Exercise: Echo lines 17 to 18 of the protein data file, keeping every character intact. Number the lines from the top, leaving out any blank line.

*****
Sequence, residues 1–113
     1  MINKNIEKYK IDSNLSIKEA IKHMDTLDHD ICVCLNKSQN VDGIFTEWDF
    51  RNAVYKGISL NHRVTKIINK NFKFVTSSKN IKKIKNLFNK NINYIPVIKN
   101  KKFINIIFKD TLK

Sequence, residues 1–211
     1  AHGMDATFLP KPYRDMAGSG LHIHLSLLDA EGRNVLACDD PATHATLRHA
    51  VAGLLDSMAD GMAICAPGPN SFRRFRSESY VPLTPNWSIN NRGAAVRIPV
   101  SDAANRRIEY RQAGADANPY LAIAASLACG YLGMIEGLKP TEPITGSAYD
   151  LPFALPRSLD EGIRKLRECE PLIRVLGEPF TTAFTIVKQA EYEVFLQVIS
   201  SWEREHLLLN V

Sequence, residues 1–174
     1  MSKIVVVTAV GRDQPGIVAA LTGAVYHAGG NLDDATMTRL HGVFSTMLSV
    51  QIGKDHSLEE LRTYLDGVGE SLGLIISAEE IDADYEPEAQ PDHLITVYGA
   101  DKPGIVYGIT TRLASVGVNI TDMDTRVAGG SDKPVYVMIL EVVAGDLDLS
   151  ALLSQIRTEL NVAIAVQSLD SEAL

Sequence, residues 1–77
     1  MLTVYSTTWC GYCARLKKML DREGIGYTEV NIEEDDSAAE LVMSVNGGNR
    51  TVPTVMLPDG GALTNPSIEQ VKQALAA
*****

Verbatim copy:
     1  MLTVYSTTWC GYCARLKKML DREGIGYTEV NIEEDDSAAE LVMSVNGGNR
    51  TVPTVMLPDG GALTNPSIEQ VKQALAA